July 2003 . . .Washington, D.C. . . . The Council for Agricultural Science and Technology (CAST) is releasing Integrated Pest Management: Current and Future Strategies, a report that offers a comprehensive, insightful, and up-to-date analysis of the issues involved in pest control. Integrated Pest Management (IPM) is about making informed choices that impact positively on crops, animals, and the environment, as well as on society. The CAST report is designed to offer policymakers, opinion makers, and educators an informed overview of the changing nature of these choices in the twenty-first century.
This new report sets out the scientific, environmental, and political contexts in which IPM has developed over the last two decades. The document represents a thorough reevaluation of this approach to pest management, which was addressed in an earlier CAST report on the same topic in 1982.
“Many of the technologies that now impact IPM simply did not exist two decades ago,” the report’s chair, Dr. Kenneth R. Barker, North Carolina State University, explains. “In preparing this latest assessment, the successful integration of these new and improved tools was considered a critical priority. The authors also stress that the concept of IPM has extended beyond crops, animals, and rangelands to include homes, businesses, schools, and other public buildings. It is a topic that directly affects most citizens.” Dr. Barker led the multidisciplinary task force of 20 academic contributors who examined the availability of these new pest management tools and considered how integrated approaches will maximize their benefits.
There are many definitions of IPM. The working definition of the report is “a sustainable approach to managing pests by combining biological, cultural, physical, and chemical tools in a way that minimizes economic, health, and environmental risks.” “Essentially, it is a system of practices that leads to the most economical and environmentally friendly actions being taken to control pests,” Dr. Barker comments.
The launch of the report is timely for a number of reasons. At an environmental level, invasive native and nonnative pests—including many insects, pathogens, and weeds—are posing new threats to the environment while at a management level, pest challenges must be met within the context of increasingly restrictive regulatory controls. The political context of IPM has evolved over the last decade. In 1993, the U.S. government set a national goal of 75% IPM implementation on U.S. crop acres, and in 1996 the Food Quality Protection Act established IPM as the pest control paradigm for federal properties and programs. The recently published Roadmap for Integrated Pest Management sets out the Federal Government’s current strategy. Objective, science-based information is essential for policymakers to address effectively the complex issues involved.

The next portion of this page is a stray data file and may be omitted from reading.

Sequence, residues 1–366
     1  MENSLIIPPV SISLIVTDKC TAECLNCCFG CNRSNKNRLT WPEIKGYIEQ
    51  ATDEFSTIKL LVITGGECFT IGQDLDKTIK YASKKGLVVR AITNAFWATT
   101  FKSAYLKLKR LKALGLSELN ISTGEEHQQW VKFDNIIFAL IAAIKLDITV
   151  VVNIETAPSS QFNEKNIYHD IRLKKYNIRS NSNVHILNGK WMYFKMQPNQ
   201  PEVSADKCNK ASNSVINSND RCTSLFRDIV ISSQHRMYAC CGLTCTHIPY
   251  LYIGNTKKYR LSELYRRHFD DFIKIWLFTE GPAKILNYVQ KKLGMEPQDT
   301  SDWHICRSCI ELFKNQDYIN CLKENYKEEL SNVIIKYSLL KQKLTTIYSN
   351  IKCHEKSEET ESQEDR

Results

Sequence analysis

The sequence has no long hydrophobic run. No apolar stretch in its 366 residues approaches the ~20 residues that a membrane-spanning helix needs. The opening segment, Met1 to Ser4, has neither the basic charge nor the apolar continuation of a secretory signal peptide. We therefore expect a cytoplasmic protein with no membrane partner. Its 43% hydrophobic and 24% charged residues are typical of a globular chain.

“The pace of development has meant that a complete revisiting of the topic was appropriate,” comments Dr. Teresa A. Gruber, Executive Vice President of CAST. “Although others have addressed aspects of IPM, we feel that the CAST approach represents the most comprehensive contribution to the subject.”
The new report examines the environment as a series of distinct but interlinked ecosystems, from crop and animal production systems to rangeland, pastures, and forests to aquatic ecosystems and urban environments, and assesses for each the most appropriate interventions in terms of pest control techniques. Cultural practices, biological controls, conventional and new chemistry pesticides, transgenic pesticidal plants, precision application techniques, and diagnostic tools all are considered.
The authors identify seven key issues that future IPM strategies must address. These include:
The new CAST report is essential reading for anyone participating in debate and/or making decisions about pest management strategies and tools, including the applications of pesticides in the environment. It also makes an excellent textbook resource for students seeking a grounding in IPM issues. “CAST’s mission statement is to bring the most objective, insightful, and relevant scientific information to the widest possible audience. This new report represents a valuable and unique contribution to the ongoing debate about pest management,” Dr. Gruber comments.
The complete report, Integrated Pest Management: Current and Future Strategies, 246pp., is available online at www.cast-science.org along with many of CAST’s other scientific works, or may be purchased ($50.00 plus shipping) by contacting CAST at 515-292-2125. CAST is an international consortium of 38 scientific and professional societies. CAST assembles, interprets, and communicates science-based information regionally, nationally, and internationally on food, fiber, agricultural, natural resource, and related societal and environ-mental issues to its stakeholders—legislators, regulators, policymakers, the media, the private sector, and the public.
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